Copyright © 2008 by Ralph Couey
Over the years, I’ve come to understand a fundamental truth. People’s political attitudes are formed in the events and experiences that make up the chronology of their lives. These days, the foundations of those attitudes are, more often than not, based on deeply held emotions rather than critically evaluated information. Thus, there is no longer a widely held consensus of right and wrong. Everything is filtered through the prism of each individual's personal experiences. What seems incontrovertible truth to one is complete nonsense to another. This reality is a big part of the reason why politics is a subject considered verboten in polite conversation.
Our political attitudes have become tightly interwoven with our sense of self-identity and esteem. Consequently, when someone disagrees with us, we feel defensive, which then triggers emotional responses. And when emotion, by its nature an irrational state, enters into a debate, all hope of a calm, rational discussion is lost. My high school debate teacher once said, “You can debate conclusions; you can debate positions; you can debate policy. But you cannot debate emotion. Emotion listens only to its own version of truth, and refuses to entertain anything else.”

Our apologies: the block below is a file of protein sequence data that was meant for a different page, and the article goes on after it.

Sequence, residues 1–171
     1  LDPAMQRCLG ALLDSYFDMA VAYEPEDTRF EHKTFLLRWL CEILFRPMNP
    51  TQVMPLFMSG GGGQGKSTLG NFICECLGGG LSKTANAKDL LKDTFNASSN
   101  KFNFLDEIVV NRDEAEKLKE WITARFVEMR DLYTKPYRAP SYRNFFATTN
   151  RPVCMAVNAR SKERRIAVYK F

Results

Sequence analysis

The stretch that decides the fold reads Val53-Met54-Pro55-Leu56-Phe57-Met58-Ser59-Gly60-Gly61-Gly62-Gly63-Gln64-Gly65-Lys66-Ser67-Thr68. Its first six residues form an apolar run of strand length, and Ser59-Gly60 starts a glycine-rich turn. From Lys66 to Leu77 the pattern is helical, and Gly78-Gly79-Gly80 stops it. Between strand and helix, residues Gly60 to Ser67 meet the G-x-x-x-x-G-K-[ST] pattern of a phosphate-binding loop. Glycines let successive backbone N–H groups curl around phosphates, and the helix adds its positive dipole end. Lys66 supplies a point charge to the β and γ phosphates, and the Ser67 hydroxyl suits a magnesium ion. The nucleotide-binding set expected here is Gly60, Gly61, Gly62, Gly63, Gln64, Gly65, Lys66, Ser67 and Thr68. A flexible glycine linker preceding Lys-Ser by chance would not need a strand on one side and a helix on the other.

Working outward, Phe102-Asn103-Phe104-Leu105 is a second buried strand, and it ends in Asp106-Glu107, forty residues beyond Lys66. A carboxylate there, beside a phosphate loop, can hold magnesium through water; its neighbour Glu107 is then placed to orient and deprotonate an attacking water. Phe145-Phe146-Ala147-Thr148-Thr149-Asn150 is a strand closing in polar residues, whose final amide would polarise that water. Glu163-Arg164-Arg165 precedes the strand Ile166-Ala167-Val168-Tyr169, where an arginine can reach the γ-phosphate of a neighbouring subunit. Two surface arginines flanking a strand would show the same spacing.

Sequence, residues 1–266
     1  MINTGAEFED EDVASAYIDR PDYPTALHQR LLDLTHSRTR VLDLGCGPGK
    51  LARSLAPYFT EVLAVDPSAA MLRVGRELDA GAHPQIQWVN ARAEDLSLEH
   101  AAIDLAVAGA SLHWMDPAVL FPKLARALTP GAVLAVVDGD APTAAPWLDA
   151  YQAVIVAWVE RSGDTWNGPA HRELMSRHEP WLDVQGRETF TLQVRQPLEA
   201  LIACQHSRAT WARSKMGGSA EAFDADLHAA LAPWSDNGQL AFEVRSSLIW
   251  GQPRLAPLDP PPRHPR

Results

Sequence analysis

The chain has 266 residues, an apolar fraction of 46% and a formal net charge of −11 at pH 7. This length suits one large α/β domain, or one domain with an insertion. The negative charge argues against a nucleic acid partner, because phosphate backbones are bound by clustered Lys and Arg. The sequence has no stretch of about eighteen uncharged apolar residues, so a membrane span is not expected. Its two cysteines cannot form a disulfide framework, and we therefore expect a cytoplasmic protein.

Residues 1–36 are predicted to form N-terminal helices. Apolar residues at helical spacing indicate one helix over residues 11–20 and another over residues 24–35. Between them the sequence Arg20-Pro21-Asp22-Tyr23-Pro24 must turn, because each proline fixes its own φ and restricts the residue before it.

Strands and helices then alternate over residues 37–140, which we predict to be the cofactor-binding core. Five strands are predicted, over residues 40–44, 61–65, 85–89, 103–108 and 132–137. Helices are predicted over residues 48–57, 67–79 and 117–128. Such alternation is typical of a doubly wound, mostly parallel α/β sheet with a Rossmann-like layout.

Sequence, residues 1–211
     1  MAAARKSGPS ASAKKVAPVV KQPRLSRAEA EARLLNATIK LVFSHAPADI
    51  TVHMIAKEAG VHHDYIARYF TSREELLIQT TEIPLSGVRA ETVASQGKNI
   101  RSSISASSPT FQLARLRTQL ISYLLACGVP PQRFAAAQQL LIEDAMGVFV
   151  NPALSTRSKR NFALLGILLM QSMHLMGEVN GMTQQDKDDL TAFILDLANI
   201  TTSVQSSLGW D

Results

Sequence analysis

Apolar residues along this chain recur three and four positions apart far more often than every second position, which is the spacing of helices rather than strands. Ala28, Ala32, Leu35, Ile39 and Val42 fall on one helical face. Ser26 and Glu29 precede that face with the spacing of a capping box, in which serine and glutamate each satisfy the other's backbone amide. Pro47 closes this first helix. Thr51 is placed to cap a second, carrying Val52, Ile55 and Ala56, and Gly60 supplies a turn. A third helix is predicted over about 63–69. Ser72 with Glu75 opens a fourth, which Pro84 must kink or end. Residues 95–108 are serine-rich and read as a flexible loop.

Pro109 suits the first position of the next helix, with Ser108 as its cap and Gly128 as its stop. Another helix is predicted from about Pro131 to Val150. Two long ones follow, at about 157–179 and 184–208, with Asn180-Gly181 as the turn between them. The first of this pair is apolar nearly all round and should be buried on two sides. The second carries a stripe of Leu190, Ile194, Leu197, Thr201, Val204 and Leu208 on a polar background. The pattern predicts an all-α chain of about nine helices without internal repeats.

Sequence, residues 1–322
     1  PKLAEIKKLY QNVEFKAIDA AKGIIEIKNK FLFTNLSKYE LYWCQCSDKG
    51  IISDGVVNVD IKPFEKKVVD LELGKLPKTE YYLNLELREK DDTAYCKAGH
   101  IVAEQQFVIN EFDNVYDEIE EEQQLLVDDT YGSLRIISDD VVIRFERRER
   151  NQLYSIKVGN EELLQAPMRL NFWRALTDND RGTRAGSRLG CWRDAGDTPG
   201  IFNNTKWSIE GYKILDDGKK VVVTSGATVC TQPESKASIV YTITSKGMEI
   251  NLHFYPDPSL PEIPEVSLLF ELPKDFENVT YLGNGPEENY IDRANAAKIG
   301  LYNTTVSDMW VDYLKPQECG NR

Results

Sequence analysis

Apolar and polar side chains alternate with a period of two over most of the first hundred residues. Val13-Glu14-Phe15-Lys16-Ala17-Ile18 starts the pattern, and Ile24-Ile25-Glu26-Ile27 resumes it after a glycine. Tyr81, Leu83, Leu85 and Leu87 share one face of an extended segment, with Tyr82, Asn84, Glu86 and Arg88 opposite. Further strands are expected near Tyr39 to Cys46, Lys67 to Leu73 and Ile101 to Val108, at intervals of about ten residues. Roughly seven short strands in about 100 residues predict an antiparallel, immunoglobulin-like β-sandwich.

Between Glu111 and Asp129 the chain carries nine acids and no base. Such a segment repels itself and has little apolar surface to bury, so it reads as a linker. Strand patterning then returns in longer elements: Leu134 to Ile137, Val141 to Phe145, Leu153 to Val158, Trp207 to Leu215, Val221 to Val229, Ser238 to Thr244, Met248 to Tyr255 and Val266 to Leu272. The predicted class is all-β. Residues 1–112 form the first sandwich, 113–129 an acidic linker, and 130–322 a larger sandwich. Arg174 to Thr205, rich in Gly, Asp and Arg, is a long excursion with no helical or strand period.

For that reason, I’ve mostly avoided hot-button issues in my columns, knowing that no matter what the indisputable facts are, they will make no headway with those who are emotionally wedded to opposing views. But the debate on energy in general and gasoline in particular has become so fraught with irrationality, I decided, at no small risk, to wade in.
The world has changed drastically and rapidly over the last two decades, of that there can be no debate. From the geopolitical bipolar stability of the Cold War, we have morphed into an age where for the first time in human history, conflict does not require a state sponsor. Zealots distort religion in order to justify hate, murder, and the acquisition of power. The economy is becoming globalized; Europe has, at least on the surface, begun to discard centuries of conflict in favor of continental unity. Those and many other changes have rippled across the lives of everyone in this country, indeed, the world.